Well, here's a new take on the Plaxico situation. "Policy analyst" David Kopel has an editorial in today's Wall Street Journal, arguing that Plaxico Burress has been wronged. Not because he faces three-and-a-half years in Attica for what is essentially a victimless crime. (If you're not counting his leg as a victim.) No, it's because he thinks New York City's handgun law is unconstitutional.
You see, Burress used to have a gun permit—in Florida—but he lives in New Jersey, so even if he wanted to register his gun in New York City, he can't. The city doesn't allow handgun permits to non-residents and refuses to honor concealed carry permits issued by other states.
Also, according to Kopel, "In New York City, carry permits are issued, but to applicants with some form of political clout rather than on the basis of his or her need for protection." I don't know what that means, but he doesn't elaborate (assuming Burress lived in NYC, wouldn't he have the necessary clout to obtain one?) and then admits that New Jersey gives out even fewer permits than New York, so this whole discussion is pointless, because under no circumstances would Plaxico Burress ever be allowed to carry a handgun in Mike Bloomberg's New York. And this is bad for America.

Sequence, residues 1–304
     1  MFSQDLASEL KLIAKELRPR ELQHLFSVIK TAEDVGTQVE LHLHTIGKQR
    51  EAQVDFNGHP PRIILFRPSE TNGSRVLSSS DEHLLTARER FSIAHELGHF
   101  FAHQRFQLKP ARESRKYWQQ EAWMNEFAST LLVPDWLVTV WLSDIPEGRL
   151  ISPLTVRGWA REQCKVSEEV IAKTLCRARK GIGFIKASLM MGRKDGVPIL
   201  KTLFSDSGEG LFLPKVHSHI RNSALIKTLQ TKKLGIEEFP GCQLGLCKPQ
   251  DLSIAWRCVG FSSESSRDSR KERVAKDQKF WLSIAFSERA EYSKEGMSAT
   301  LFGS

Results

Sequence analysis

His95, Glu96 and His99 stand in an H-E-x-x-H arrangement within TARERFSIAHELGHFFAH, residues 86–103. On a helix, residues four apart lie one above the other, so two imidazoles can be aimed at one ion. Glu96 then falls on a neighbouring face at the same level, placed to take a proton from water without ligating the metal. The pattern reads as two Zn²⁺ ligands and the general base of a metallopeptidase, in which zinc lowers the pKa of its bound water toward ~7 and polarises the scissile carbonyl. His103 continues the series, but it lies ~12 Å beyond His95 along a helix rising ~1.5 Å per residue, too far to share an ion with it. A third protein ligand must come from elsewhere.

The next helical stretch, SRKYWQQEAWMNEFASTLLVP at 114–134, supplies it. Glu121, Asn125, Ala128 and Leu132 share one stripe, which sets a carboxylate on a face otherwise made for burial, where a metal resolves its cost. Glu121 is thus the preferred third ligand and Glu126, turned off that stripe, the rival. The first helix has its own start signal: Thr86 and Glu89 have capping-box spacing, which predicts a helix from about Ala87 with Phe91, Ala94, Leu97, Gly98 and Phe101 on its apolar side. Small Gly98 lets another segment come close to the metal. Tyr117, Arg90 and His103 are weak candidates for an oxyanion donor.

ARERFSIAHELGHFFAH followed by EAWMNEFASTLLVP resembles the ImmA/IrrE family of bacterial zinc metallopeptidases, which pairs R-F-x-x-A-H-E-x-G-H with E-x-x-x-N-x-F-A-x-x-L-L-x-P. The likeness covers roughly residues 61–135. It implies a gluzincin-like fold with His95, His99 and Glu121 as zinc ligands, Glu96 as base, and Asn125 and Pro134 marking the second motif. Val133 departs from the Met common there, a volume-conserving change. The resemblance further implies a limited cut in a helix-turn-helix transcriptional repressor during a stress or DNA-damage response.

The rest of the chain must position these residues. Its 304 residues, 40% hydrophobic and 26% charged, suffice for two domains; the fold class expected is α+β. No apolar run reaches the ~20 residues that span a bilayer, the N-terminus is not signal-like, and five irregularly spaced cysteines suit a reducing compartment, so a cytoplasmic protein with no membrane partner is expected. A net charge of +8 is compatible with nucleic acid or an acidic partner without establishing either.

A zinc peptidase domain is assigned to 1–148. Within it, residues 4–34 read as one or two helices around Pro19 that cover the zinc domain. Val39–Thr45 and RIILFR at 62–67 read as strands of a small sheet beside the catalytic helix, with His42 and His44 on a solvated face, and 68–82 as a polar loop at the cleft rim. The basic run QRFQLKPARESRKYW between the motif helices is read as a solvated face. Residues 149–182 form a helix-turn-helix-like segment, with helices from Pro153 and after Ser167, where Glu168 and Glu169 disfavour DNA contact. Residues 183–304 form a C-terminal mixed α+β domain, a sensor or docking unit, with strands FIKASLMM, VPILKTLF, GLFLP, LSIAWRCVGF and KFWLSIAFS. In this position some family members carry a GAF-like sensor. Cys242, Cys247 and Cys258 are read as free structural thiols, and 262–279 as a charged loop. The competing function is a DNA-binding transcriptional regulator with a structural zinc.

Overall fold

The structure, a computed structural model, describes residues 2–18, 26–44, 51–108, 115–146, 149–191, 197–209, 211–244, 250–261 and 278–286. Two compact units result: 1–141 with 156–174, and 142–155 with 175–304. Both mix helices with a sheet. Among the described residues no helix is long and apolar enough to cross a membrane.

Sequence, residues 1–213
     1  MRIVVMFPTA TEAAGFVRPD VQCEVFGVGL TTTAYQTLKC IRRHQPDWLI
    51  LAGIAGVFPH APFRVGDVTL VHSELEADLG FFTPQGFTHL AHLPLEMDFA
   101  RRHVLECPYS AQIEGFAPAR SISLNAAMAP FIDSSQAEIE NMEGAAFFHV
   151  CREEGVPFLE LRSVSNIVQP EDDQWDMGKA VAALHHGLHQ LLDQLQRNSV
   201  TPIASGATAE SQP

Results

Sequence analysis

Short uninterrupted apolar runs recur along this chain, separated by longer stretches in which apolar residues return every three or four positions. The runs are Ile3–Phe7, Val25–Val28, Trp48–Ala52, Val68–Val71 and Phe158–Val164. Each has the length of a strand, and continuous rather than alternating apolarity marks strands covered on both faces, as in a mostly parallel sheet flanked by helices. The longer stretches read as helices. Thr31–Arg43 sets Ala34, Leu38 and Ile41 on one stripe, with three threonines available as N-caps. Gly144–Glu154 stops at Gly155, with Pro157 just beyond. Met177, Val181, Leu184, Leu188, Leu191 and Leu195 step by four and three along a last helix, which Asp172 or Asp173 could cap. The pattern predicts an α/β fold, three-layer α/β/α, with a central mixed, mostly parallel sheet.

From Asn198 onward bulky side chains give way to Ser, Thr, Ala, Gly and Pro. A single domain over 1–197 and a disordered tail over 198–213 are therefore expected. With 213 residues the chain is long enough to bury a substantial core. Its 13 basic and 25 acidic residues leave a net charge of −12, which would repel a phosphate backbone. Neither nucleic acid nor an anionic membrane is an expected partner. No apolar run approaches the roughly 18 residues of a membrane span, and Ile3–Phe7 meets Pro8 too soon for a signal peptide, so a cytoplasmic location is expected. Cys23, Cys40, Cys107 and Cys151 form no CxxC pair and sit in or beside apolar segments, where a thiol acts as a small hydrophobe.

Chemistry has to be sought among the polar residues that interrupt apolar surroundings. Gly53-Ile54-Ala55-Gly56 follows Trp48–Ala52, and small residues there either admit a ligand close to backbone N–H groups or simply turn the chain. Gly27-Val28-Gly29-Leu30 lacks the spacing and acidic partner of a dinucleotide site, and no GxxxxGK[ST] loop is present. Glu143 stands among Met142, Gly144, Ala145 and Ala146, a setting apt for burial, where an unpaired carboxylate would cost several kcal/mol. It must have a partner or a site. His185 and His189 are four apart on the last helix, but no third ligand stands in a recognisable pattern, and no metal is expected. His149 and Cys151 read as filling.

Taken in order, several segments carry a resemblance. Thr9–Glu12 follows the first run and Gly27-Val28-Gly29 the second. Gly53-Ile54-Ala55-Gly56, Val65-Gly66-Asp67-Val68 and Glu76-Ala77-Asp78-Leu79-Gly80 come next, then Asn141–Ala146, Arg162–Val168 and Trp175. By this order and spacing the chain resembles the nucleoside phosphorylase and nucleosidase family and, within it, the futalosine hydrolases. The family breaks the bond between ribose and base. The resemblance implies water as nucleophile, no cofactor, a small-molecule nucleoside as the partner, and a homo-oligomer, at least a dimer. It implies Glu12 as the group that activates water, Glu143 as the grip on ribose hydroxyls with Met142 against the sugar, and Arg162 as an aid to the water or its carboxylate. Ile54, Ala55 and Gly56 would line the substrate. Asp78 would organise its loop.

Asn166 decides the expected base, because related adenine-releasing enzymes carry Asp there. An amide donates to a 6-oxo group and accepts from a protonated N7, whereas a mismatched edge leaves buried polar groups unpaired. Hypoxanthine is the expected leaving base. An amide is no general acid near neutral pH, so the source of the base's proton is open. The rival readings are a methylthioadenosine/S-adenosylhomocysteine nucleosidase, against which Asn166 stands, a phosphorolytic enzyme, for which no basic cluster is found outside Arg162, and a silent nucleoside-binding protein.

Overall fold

It appears that he put the unholstered gun in the waistband of his sweatpants, and when it slipped, he grabbed for it, accidentally hitting the trigger. To make matters worse, according to press accounts, he was seen drinking and may have been consuming alcohol — which all firearms safety training (including the class he would have been required to take for his Florida permit) absolutely forbids for people handling guns. And of course Mr. Burress's handgun should have been holstered to prevent unintentional movement of the trigger. Fortunately, his negligent discharge did not harm anyone else. [Emphasis added]
See? Just because Plaxico passed a firearm safety class in Florida and then violated every single rule of firearm safety in the span of thirty seconds before shooting himself in the leg in a public space, why should the government be able to deny him his right to defend himself? New York City is violating the constitution (maybe), so they should be forced to violate the constitution and do whatever New Jersey tells them to even though Jersey would never tell them to do that in the first place.
That seems somehow ... off. But what do I know? I'm just a blogger.
Free Plaxico Burress [WSJ]